The Presidents Cup Will Never Be the Ryder Cup

Michael FitzpatrickFeatured ColumnistOctober 6, 2009

NORTH PALM BEACH, FL - FEBRUARY 26:  PGA Tour Commissioner Tim Finchem and Greg Norman pose with the President's Cup trophy after Finchem announced that Norman and Fred Couples will be the captains for the 2009 President's Cup at PGA National on February 26, 2008 in North Palm Beach, Florida. The biennial team competition is to be held at San Francisco's Harding Park Golf Course.  (Photo by Doug Benc/Getty Images)

In case you haven’t heard, 16 of the top 25 players in the world will be on hand this week at Harding Park Golf Course in San Francisco to take part in the 2009 Presidents Cup matches.

That's right: Woods, Mickelson, Ogilvy, Singh, and Villegas, amongst others, will all be there.

So, why the lack of interest?

Is it because football season has moved into full swing?


Do casual golf fans begin loosing interest in the game after the conclusion of the PGA Championship in August?


Are American golf fans still basking in the glory of their improbable thrashing of the European side at last year’s Ryder Cup matches?


You see, the Presidents Cup is the PGA Tour’s politically correct answer to the Ryder Cup matches.

As the game of golf began to spread around the world like wildfire in the early 90s, players from the United States and Europe were the only ones given the opportunity to compete in high profile team matches every other year.

But what about the rest of the world?

So, the always PR conscious PGA Tour took the diplomatic route and created the Presidents Cup in 1994.

However, the Presidents Cup couldn’t be a carbon copy of the Ryder Cup matches, that would be an almost mocking exercise.

The PGA Tour decided to differentiate the Presidents Cup by adding in another day and six additional matches.

The Ryder Cup format consists of eight foursome matches, eight four-ball matches, and 12 singles matches which take place over the course of three days.

The Presidents Cup consists of 11 foursome matches, 11 four-ball matches, and 12 singles matches which take place over the course of four days.  

In essence, the Presidents Cup format is exactly the same as the Ryder Cup, only with an additional day and six extra matches added in.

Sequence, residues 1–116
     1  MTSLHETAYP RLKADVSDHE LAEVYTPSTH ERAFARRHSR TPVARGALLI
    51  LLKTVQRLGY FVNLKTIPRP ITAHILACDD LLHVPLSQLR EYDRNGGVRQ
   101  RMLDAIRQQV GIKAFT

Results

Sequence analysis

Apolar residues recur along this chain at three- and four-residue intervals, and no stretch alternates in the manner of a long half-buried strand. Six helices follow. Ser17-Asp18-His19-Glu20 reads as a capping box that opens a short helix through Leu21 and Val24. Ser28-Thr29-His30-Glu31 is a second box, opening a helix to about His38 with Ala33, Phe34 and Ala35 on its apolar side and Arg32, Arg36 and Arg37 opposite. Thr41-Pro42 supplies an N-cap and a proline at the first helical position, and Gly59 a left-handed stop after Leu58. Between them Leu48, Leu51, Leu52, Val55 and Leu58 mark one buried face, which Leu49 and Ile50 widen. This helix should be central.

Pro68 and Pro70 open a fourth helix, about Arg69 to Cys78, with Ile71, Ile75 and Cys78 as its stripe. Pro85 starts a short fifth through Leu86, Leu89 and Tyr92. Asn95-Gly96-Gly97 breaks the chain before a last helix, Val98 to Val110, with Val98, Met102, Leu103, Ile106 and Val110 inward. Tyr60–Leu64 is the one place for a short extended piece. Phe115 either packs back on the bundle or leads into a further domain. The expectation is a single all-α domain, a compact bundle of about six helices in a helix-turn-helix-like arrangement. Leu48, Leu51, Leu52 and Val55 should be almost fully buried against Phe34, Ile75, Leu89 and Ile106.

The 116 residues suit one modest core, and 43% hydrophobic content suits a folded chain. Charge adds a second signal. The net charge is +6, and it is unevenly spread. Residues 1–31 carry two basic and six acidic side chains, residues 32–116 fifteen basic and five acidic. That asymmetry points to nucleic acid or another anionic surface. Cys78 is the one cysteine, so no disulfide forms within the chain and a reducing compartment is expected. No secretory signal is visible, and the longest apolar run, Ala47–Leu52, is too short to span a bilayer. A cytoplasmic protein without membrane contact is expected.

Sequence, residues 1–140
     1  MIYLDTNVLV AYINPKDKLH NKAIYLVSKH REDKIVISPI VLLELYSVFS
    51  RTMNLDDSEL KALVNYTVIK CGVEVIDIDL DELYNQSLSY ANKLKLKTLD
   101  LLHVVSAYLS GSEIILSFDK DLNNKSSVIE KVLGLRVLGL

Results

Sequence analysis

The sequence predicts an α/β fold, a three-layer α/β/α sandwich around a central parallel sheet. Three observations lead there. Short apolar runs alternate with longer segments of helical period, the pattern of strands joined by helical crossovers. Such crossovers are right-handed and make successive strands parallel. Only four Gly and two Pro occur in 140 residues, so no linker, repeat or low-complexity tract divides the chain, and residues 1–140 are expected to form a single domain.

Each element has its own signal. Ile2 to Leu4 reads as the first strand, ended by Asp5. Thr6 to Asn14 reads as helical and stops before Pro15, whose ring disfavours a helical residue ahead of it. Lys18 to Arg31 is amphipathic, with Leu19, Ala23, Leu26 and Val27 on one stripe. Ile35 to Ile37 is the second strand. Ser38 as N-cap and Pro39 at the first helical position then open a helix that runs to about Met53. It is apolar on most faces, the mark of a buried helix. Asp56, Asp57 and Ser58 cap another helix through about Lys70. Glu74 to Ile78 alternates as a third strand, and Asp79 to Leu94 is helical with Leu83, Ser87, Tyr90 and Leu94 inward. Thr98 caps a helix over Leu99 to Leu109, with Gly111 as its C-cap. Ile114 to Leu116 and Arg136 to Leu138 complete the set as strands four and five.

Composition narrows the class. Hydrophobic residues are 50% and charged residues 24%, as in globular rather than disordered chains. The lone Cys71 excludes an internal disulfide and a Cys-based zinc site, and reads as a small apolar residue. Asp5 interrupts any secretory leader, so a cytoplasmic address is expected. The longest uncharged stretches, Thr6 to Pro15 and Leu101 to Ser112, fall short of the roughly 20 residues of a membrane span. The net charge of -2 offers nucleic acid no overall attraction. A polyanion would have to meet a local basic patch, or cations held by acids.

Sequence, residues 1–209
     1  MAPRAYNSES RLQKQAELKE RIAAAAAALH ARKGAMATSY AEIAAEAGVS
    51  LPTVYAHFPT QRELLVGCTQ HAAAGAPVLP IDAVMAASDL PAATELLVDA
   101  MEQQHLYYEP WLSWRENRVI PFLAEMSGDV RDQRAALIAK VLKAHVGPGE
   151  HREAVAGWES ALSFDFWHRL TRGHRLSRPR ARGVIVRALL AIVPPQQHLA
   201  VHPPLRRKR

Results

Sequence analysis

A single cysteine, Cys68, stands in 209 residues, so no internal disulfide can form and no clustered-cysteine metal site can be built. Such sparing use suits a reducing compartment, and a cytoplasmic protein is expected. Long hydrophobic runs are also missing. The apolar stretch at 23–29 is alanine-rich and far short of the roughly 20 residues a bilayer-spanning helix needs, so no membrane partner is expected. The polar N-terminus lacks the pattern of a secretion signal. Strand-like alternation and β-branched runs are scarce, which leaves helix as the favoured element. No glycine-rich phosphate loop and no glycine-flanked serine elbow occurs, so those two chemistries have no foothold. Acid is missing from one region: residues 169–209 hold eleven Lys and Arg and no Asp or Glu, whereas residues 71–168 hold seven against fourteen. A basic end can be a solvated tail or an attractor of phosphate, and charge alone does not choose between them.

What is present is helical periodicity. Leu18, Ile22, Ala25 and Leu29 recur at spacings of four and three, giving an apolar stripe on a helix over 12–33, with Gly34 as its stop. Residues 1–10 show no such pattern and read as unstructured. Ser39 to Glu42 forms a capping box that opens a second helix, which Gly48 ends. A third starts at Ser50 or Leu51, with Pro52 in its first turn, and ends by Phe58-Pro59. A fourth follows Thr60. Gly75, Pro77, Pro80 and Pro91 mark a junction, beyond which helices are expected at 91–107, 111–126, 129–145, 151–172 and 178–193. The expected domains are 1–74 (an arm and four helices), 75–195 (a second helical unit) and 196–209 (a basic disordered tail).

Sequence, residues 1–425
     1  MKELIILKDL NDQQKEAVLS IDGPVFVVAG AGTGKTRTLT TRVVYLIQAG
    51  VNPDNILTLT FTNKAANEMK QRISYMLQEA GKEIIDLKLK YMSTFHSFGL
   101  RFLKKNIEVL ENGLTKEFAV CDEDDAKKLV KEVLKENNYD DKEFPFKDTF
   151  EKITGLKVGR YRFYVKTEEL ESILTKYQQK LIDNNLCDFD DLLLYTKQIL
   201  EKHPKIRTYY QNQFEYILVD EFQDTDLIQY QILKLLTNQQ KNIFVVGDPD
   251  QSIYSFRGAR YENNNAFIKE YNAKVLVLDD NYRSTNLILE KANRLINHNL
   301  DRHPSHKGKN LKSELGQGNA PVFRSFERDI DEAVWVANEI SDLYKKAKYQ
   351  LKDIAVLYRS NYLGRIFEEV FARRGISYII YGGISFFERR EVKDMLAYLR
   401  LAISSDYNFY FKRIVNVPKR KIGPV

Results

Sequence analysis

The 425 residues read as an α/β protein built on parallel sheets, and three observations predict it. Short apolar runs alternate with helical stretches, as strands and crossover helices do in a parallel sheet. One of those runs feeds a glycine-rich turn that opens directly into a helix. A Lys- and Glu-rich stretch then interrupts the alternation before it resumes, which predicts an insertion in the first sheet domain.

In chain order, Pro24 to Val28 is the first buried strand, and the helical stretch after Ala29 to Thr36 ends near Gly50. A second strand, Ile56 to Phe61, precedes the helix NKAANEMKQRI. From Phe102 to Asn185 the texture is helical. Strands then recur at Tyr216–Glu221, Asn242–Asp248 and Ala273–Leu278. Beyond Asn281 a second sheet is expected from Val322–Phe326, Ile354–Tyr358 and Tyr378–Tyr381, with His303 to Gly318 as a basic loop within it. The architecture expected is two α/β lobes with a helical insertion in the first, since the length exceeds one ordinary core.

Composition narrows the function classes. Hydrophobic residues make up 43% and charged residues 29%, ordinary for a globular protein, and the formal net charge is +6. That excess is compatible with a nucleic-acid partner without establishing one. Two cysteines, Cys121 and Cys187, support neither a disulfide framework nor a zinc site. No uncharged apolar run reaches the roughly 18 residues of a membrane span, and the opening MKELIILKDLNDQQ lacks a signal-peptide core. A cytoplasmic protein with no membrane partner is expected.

So, back to the main question—why the lack of interest in the Presidents Cup?

Plain and simple—it’s not the Ryder Cup.

The Ryder Cup has a tangible identity—it’s the United States vs. Europe.

It’s a rivalry in culture, ideals, political views, and of course, sport that dates back to 1777 when the United States declared its independence from Great Britain.

The Ryder Cup matches are steeped in history and tradition. Virtually every great player in the game’s history has competed in the bi-annual matches at one time or another; and over the past two decades, the competitiveness and overall interest in the event has increased tenfold.

Although the European Union seems to be expanding by the day, even a child can point out the general location of Europe and the United States on a map.

The international Presidents Cup team?

A fifth grade teacher could plan an entire geography lesson around the international Presidents Cup team.

Good luck to any fifth grader being able to point out South Africa, Japan, Korea, the Fiji Islands, Colombia, Argentina, Canada, Australia and, if you count co-captain Frank Nobilo, New Zealand on the map.

Three players on the international side will be traveling with translators this week, which, needless to say, makes building team unity somewhat difficult.

And therein lies the main reason why the Presidents Cup has never drawn as much interest as the Ryder Cup.

The international side has yet to create a true team identity. This is mostly due to the fact that the team is composed of players from every corner of the world who speak different languages, have different interests, and play on different tours.

Heck, some of the guys will have never even met each other before they show up at Harding Park this week.  

Whereas the Ryder Cup teams have entire countries (or at least a unified group of countries in the European Union) behind them, the fans of the international Presidents Cup team are scattered throughout the world.

There’s no visible unity present in the international Presidents Cup team, which is not at all a reflection of the players or their fans, but is simply an affect of geography.  

The Presidents Cup has certainly come a long way since its inception in 1994, and the ever increasing pool of talented young international players should secure the future of the event and provide for some highly competitive matches in the coming years.  

However, most casual golf fans, at least in America, seem far more excited about the team matches that are scheduled to take place 12 months from now in Wales than they are about the matches set to begin just two days from now in San Francisco.


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